The low cost of this mission is made possible due to the Russians ability to "piggy-back" on a successful program in developing an inflatable re-entry vehicle. Once injected into Earth's orbit, the sail will be deployed by inflatable tubes, pulling out the sail material and then rigidizing the structure. The sail is constructed into eight "blades" or "petals" - roughly triangular in shape. They can be turned (pitched) like helicopter blades, and depending on how they are turned, the sunlight will reflect in different directions. This is how the attitude of the spacecraft is controlled and how the sail can "tack."
Low cost is also made possible by use of the Volna rocket, manufactured by the Makeev Rocket Bureau in Russia. The Babakin Space Center is the prime contractor for the project - the company is a spin-off organization of NPO Lavochkin, the largest manufacturer of robotic spacecraft in the world.
The April launch will be a sub-orbital flight test of the deployment of two solar sail blades. An inflatable re-entry shield is planned to bring the pictures of the deployment back to a landing and recovery site in Kamchatka. The actual solar sail flight will commence from an 850 km circular orbit, with a launch being planned in a window between October - December of this year. The sail will be 600 square meters of aluminized mylar, constructed into 8 blades.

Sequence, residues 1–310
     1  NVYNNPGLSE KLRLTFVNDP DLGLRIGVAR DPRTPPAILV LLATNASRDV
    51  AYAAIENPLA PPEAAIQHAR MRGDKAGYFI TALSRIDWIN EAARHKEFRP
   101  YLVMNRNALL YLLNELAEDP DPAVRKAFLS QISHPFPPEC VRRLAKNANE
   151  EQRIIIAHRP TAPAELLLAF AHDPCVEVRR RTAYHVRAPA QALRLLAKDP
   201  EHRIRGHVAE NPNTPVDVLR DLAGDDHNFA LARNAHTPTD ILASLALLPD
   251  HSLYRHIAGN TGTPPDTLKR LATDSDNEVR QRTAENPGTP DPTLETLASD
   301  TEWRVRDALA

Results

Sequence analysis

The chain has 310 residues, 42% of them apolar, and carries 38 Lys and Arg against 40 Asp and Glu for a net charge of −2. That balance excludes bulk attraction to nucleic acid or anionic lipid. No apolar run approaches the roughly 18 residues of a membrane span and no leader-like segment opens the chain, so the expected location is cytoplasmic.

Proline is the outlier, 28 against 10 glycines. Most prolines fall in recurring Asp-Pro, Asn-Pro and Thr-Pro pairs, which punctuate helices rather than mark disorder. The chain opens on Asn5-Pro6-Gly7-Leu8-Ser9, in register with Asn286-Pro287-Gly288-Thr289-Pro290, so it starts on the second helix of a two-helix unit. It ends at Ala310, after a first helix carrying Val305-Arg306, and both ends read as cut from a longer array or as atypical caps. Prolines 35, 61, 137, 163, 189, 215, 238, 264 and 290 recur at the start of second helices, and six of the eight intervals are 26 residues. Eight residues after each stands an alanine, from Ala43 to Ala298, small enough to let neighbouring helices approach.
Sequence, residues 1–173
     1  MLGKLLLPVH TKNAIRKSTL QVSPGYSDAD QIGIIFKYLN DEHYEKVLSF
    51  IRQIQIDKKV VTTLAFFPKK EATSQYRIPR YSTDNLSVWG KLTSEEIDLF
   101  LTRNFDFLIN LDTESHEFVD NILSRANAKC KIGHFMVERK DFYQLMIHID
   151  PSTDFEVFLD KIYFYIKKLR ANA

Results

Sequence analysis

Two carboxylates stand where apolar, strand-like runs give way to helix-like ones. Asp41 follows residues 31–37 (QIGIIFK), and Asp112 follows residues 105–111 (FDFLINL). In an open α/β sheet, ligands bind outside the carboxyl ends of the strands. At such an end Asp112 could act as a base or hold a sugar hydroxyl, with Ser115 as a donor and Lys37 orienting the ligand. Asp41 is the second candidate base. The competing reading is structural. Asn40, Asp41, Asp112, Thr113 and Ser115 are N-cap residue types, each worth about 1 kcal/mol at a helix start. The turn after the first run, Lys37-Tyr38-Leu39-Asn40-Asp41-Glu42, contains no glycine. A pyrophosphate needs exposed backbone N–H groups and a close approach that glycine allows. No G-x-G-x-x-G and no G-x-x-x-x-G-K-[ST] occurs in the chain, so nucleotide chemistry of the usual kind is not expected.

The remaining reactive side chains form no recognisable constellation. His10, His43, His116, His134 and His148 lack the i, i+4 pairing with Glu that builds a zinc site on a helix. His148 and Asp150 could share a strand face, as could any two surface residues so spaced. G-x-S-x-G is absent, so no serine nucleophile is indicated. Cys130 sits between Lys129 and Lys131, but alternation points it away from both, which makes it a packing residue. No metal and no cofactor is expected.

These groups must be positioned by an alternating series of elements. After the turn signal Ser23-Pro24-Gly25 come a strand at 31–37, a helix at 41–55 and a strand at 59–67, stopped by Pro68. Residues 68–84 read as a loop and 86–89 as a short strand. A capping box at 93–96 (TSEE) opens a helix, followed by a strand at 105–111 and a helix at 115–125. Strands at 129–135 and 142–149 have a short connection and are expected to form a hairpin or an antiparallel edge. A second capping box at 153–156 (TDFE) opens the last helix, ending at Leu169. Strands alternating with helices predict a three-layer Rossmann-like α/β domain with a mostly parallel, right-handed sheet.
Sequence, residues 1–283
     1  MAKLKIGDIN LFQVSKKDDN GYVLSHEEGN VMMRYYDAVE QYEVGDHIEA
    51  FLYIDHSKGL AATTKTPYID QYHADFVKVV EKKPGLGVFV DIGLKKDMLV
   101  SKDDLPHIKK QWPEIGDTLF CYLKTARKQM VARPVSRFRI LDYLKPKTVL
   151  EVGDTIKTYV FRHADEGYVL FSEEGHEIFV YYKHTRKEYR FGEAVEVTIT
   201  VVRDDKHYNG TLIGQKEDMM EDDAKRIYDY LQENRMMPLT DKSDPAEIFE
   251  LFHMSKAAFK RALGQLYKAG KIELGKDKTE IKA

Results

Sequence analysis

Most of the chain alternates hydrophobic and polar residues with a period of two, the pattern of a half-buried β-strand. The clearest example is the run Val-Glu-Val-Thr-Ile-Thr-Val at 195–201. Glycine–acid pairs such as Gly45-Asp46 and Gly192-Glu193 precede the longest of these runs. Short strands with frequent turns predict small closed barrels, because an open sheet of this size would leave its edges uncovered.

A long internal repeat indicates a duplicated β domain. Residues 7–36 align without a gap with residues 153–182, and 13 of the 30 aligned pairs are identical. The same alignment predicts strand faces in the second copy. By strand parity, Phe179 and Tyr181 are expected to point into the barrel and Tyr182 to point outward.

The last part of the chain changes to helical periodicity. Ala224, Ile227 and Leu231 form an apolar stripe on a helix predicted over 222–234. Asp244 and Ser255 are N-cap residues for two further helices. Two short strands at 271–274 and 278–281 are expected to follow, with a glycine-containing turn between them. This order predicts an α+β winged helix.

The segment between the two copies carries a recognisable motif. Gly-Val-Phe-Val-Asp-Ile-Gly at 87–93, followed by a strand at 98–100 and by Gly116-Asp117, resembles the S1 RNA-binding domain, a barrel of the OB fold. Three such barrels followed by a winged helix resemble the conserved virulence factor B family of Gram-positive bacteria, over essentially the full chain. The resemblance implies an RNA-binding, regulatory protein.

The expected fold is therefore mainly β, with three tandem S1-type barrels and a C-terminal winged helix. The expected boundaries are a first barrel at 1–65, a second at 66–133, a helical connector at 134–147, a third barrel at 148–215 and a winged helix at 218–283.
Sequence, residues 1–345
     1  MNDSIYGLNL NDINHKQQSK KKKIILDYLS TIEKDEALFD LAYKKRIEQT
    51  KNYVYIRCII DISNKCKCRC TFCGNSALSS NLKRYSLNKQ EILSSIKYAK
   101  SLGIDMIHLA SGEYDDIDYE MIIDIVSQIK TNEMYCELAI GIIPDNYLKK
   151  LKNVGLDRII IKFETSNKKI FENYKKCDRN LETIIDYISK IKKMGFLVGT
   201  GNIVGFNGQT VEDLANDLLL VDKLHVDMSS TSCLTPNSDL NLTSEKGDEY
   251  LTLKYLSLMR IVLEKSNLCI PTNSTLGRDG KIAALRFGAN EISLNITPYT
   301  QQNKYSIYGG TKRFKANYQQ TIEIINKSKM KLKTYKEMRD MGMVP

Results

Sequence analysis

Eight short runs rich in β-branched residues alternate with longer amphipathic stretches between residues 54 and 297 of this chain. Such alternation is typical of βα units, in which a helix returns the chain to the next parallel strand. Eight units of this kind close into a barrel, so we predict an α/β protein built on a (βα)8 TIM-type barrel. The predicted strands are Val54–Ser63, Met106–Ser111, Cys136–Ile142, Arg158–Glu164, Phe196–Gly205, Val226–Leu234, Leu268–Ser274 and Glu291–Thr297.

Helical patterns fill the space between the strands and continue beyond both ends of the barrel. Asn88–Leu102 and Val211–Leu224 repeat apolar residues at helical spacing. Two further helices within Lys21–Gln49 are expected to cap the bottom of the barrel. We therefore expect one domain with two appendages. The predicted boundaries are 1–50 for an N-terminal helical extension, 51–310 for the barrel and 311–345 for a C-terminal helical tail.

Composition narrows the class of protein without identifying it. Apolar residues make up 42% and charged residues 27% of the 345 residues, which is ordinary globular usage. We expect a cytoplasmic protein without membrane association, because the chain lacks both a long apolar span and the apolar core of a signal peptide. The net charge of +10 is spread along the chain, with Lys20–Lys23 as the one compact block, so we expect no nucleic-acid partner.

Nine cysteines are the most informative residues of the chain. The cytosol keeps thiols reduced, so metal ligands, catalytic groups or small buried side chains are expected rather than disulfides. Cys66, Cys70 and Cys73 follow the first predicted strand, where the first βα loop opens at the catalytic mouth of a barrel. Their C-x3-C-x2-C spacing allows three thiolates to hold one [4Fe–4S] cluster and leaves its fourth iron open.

Solar sailing enables space travel without fuel. Applications from space weather satellites that can hold position against the force of gravity, to interplanetary shuttles carrying cargo between the planets and the asteroids and comets are all part of the solar sailing future. By diving in close to the Sun, future solar sails will achieve enormous velocities enabling rendezvous with any solar system object, or, as mentioned above, a flight to the stars.
Cosmos 1 is staffed by a world team of Americans and Russians. The Planetary Society website has a dedicated section to this mission, which includes an animation of the mission, spacecraft details, updates and news releases. It will allow the world public to follow and participate in this mission. This site is open to the public.
This will be the first space mission that will utilize a website to continuously interface the sequence of the mission with the general public, allowing continued and uninterrupted public.
About The Planetary Society
The Planetary Society has inspired millions of people to explore other worlds and seek other life. With the mission to empower the world's citizens to advance space science and exploration, its international membership makes the non-governmental Planetary Society the largest space interest group in the world. Carl Sagan, Bruce Murray and Louis Friedman founded The Planetary Society in 1980. Bill Nye, a longtime member of The Planetary Society's Board, serves as CEO.